Wednesday, January 28, 2009

Behind the News with Doug Henwood - podcast review

One of the many podcast recommendations I have been receiving over the past weeks, came from a regular reader of the blog. He recommends the podcast Behind the News with Doug Henwood, which is a commentary podcast on politics and economics with a leftist inclination.

After having taken a couple of issues on my player my impression is that the leftist element is tangible in two aspects. One is the choice of subject, for example there was a whole item about the history, position and future of worker unions in the US. The second is in the way in which the speakers and audience are implicitly assumed to share a preference for liberalism and the Democrats and for a leftist style of economic policy.

The items are rather invariably: an analysis of the latest politics and economics news, followed by two thematic interviews. The show is aired on a New York radio station, before it is finalized for podcast, which results in the occasional inserted update in between items. It makes for slight variations in audio feel, but the true difference in audio feel, which makes this podcast stand out is the choice of music. All in all, this is a good background podcast which apart from having a left focus is also very much centered on the US.

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History of History - IOT podcast review

Before the week is over and the new In Our Time takes over the feed, I want to give a quick recommendation of the latest program. The history of history is a classical IOT that you should pick up, if you are an long time fan of IOT, if you are new to the show, if you are interested in history and if you are following the one history podcast after the other.

If anything, In Our Time is a program about the history of our culture. Needless to say, just as for any culture, history is important and this issue takes on the question how we have been shaping our narrative ever since we started retelling our past. Even if I can recount any specific aspect that stuck with me or any particular piece of interest - this is just generally relevant. And, as said, way into the heart of In Our Time's subject matter.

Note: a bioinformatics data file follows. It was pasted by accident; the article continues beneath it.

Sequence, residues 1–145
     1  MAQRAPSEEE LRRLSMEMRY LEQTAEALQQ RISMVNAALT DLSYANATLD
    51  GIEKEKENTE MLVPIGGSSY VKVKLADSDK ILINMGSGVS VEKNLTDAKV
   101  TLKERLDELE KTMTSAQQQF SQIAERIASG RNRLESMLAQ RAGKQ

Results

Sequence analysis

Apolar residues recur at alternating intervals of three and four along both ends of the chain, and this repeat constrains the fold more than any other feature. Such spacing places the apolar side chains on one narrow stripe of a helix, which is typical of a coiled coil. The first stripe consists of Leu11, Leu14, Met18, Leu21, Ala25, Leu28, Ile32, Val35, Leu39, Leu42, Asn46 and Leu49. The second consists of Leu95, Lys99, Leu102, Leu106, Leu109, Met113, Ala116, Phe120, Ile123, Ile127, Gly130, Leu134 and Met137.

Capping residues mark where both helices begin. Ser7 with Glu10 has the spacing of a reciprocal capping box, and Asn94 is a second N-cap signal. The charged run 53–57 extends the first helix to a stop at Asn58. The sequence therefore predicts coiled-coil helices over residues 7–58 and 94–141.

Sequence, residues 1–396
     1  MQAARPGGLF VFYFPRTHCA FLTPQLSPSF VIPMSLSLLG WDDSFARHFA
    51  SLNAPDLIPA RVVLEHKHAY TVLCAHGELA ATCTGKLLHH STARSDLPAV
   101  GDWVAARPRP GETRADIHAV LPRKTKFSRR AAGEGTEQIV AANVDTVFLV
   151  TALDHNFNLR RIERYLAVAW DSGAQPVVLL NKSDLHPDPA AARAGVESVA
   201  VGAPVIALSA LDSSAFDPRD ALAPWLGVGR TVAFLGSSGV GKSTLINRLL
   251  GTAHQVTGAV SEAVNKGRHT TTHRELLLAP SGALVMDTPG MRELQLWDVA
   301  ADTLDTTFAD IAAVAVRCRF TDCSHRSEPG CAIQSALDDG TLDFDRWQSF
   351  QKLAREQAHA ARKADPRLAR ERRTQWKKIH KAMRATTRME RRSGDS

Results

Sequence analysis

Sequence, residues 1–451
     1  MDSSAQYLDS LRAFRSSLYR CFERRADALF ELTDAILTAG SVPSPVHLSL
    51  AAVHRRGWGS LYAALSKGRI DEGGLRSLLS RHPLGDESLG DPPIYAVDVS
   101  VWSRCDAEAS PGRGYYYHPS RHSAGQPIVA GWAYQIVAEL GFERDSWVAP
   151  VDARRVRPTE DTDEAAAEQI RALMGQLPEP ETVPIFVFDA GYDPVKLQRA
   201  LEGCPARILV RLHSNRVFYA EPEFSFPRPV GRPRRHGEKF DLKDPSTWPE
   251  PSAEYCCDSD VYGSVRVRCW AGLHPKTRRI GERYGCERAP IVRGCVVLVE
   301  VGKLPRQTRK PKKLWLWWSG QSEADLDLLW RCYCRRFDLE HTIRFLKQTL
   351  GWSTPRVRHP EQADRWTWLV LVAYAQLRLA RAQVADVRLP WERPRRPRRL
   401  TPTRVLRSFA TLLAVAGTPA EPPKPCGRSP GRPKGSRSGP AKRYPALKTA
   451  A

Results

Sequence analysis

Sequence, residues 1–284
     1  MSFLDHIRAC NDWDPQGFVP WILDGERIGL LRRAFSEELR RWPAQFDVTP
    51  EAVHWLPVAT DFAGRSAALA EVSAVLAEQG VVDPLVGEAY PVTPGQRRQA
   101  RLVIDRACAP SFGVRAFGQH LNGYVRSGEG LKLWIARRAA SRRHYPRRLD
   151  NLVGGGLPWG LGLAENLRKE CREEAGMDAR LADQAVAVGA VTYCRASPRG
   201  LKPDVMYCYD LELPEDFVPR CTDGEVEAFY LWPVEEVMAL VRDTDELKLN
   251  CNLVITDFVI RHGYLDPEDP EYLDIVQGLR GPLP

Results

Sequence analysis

Lastly, I'd like to point to another piece of meta-history that has made it to podcast and that I have reviewed on this blog. Canadian broadcast TVO's podcast Big Ideas had a lecture by Margaret MacMillan, which pulls a nice twist to all this importance of historiography: over-indulgence in history. The massive application of historicist narrative to hammer down political and ideological points. History as a religion. She is the historian saying as it were: get your dirty hands off our discipline.

More Big Ideas:
The role of the intellectual,
Disaster Capitalism,
The Bad News about Good Work,

More In Our Time:
Darwin special,
The Consolation of Philosophy,
The Great Fire,

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Franz Hipper - veertien achttien recensie

Ik heb al meerdere malen verwoord hoe de grote kracht van de podcast Veertien Achttien ligt in de narratieve kracht. Presentator Tom Tacken weet van elke aflevering een mooi afgerond verhaal te maken. Niet alleen staat dat garant voor de onderhoudendheid van de podcast, het versterkt de geschiedenis in twee opzichten. Het ene is dat meteen goed verhaal de feiten beter blijven hangen.

Het tweede opzicht waarin een goed verhaal de geschiedenis versterkt is dat het je opmerkzaam maakt op bepaalde patronen. Het kan goede, nieuwe vragen oproepen, of nieuwe perspectieven voelbaar maken. Zo ook in het relaas van afgelopen week over de Duitse marine-officier Franz Hipper. Wat altijd domineert in verhalen over de oorlog is hoe slecht de machten voorbereid waren. Het verhaal van Hipper laat zien dat de Duitse Marine echter, door en door modern was en wel goed voorbereid.

Dat is een nieuw perspectief dat verklaring kan bieden voor aspecten van de zee-oorlog. Het kan ook wellicht verklaren waarom de zee-oorlog zo miniem was, zo gespeend van de bloederige herhaling die de landoorlog kenmerkte. Het roept ook nieuwe vragen op, waarom kon die moderniteit in de marine niet doorsijpelen naar het leger en naar de politiek? Bestond die moderniteit ook bij de Engelse Marine, ook voor wat betreft de grotere meritocratie (en minder aristocratie)? Kan die moderniteit ook de muiterij verklaren die het Hipper eind 1918 onmogelijk maakt om een slotoffensief op zee te ontketenen?

Meer Veertien Achttien:
Enver Pasha,
Veertien Achttien premium,
Oskar Potiorek,
Kato Takaaki.

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